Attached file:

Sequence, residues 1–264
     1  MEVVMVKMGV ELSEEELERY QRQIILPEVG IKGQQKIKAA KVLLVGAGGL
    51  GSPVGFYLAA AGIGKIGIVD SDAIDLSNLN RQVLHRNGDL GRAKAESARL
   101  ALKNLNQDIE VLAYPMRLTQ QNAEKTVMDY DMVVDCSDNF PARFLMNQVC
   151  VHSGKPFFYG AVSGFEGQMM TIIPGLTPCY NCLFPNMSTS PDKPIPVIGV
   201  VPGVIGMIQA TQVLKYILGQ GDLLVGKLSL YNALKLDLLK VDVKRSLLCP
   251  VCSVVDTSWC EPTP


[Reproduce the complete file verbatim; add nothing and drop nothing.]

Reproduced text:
Sequence, residues 1–264
     1  MEVVMVKMGV ELSEEELERY QRQIILPEVG IKGQQKIKAA KVLLVGAGGL
    51  GSPVGFYLAA AGIGKIGIVD SDAIDLSNLN RQVLHRNGDL GRAKAESARL
   101  ALKNLNQDIE VLAYPMRLTQ QNAEKTVMDY DMVVDCSDNF PARFLMNQVC
   151  VHSGKPFFYG AVSGFEGQMM TIIPGLTPCY NCLFPNMSTS PDKPIPVIGV
   201  VPGVIGMIQA TQVLKYILGQ GDLLVGKLSL YNALKLDLLK VDVKRSLLCP
   251  VCSVVDTSWC EPTP